The Big Idea is Hidden in This 5-Point Checklist

Sandy Franks

  • Too many ideas is a turnoff
  • The Big No-No
  • Understanding the Big Idea
  • Use David Ogilvy’s 5-point checklist
  • Released: Bootcamp video footage

Excuse me for using this word, but I haven’t yet figured out a better way of describing this common mistake most new writers make: Vomiting on the page.

What I’m talking about is when writers don’t have a clear idea of what to focus on in their writing and the copy they turn in is just a bunch of unorganized ideas splattered on the page.

This approach simply doesn’t work. It confuses your reader. Worse yet, it places the burden of making sense of your copy squarely on their shoulders.

And that’s a Big No-No. The harder you make the prospect work, the less likely they will respond. In fact, most will delete the email or throw your sales letter in the trash can.

Instead, you need a framework to focus your message. A framework that allows you to focus your writing on one idea, or what we call the Big Idea.

Famous ad man and copywriter, David Ogilvy was a master of coming up with Big Ideas. In his book, On Advertising, David wrote:

“You can do homework from now until doomsday, but you will never win fame and fortune unless you also invent Big Ideas. It takes a Big Idea to attract the attention of consumers and get them to buy your product. Research can’t help you much, because it cannot predict the cumulative value of an idea, and no idea is big unless it will work for 30 years."

Think of the Big Idea as the theme of your sales letter. Essentially, it's the reason the prospect buys. Sometimes you can use the Big Idea as the hook in your headline. (A hook creates intense curiosity.)

Another way to understand the Big Idea is how you can use it to play up what is missing in the prospect’s life. The Big Idea shows how the product will improve the quality of your prospect's life.

Here’s an example of one of the best-performing Big Idea sales letters from Stansberry Research, written by their own A-list copywriter, Mike Palmer:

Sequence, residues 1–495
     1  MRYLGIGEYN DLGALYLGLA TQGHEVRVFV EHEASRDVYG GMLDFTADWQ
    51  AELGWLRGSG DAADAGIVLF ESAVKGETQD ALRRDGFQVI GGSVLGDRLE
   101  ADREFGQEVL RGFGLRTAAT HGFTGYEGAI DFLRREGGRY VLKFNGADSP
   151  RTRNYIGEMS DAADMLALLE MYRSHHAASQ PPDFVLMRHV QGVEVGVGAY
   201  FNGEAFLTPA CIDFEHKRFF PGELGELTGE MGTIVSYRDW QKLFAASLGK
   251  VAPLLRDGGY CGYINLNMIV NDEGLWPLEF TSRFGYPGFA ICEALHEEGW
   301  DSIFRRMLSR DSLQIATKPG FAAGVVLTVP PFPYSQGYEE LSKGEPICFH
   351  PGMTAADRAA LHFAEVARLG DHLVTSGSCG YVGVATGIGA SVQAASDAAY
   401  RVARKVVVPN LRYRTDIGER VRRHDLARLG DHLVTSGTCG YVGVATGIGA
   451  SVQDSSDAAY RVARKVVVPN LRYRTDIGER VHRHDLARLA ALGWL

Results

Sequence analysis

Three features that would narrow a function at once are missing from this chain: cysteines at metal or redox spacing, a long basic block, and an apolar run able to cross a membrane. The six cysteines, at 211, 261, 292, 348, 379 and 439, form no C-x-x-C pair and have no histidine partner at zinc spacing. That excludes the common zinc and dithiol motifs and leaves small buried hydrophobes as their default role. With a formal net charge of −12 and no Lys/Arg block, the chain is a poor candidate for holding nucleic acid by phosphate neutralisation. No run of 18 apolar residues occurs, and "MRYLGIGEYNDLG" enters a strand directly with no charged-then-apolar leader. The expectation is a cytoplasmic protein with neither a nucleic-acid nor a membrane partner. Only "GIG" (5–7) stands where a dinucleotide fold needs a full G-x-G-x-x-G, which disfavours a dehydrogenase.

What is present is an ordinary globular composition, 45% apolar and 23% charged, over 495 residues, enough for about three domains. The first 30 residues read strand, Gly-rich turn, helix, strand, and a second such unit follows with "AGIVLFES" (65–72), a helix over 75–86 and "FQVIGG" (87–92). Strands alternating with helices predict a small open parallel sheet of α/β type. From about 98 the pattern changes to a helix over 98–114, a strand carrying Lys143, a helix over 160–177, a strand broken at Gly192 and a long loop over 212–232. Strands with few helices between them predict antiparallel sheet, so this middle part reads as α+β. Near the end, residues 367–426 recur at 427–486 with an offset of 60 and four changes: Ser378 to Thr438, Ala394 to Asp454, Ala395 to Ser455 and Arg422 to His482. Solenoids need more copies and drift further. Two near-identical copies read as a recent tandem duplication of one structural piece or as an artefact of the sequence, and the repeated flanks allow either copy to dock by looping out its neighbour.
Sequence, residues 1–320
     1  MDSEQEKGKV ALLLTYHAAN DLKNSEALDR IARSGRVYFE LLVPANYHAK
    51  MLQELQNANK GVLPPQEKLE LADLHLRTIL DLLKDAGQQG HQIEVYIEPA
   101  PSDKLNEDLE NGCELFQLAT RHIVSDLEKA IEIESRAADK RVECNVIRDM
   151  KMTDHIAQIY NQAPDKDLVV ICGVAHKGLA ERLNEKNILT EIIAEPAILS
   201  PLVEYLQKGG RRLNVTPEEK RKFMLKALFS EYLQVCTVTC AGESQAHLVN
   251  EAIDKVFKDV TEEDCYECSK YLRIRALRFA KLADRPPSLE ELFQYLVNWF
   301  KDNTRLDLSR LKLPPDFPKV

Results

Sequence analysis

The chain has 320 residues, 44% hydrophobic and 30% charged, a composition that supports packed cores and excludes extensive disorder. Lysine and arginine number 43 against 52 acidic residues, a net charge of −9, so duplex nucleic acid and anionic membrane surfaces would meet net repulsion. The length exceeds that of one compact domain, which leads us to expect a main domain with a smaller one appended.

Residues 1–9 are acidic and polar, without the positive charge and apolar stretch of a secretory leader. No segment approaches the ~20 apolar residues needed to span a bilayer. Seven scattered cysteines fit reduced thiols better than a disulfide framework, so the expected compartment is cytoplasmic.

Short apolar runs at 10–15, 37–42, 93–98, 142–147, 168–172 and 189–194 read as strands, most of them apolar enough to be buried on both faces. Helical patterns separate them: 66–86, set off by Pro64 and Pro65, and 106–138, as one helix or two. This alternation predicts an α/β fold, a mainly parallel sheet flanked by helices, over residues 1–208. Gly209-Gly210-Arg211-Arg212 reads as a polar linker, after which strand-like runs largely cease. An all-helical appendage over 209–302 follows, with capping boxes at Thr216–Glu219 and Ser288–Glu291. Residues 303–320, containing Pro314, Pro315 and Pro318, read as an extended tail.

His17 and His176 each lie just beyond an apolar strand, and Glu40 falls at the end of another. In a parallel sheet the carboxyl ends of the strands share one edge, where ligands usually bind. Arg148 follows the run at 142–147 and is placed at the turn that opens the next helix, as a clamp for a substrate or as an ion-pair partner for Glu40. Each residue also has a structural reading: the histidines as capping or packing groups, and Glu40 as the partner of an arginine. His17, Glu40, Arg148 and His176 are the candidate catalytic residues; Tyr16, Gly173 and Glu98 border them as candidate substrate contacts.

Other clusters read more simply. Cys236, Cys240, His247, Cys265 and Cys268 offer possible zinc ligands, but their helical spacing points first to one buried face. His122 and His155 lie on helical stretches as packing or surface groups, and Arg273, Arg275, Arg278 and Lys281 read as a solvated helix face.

Notice how the copy alludes to a single event that will change your way of life. Not only will this event alter your way of life, it will shake the very foundations of our country. Talk about a Big Idea.

So you know what the Big Idea is all about, but when you have several ideas that could be contenders for the Big Idea, which one do use?

Luckily, Ogilvy created a checklist to determine if an idea could be qualified as a BIG IDEA:

  • Did it make me gasp when I first saw it?
  • Do I wish I had thought of it myself?
  • Is it unique?
  • Does it fit the strategy to perfection?
  • Could it be used for 30 years?

I’m going to add two more questions to his checklist that will help you isolate the Big Idea from all your other ideas:

  • What’s all the fuss about?
  • Why does this matter to me?

Your takeaway: The next time you sit down to write sales copy and can’t decide which idea is the Big Idea, answering these seven questions will make that task a no-brainer.

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Published: May 2, 2016

3 Responses to “The Big Idea is Hidden in This 5-Point Checklist”

  1. The idea list by David Ogilvy and Sandy Franks is a good reminder to write outstanding copy.

    Plus, it helps to avoid the blank page.


  2. Hopefully, this is an opportunity for Nana to share her thoughts and truthful opinions. NanaGoneRogue4Real is more concerned with the truth, than being politically correct. However, one should always try to achieve both if possible. Society has changed so much over time, the people, technology, kindness, even the evil of the world has changed significantly. My goal is to make life a little more fun and enjoyable, a lot simpler and hopefully clearer for those who feel their thinking is a bit clouded, or just looking for an opinion other than their own. The greater goal is to initiate communications, to learn and share our thoughts. Most of all share and spread laughter! Provide sympathy and empathy for those in pain as well. Nana


  3. Awesome post! Just one question, I don't quite understand what #4 means: "Does it fit the strategy to perfection?"

    Can you elaborate on that please? Thanks!


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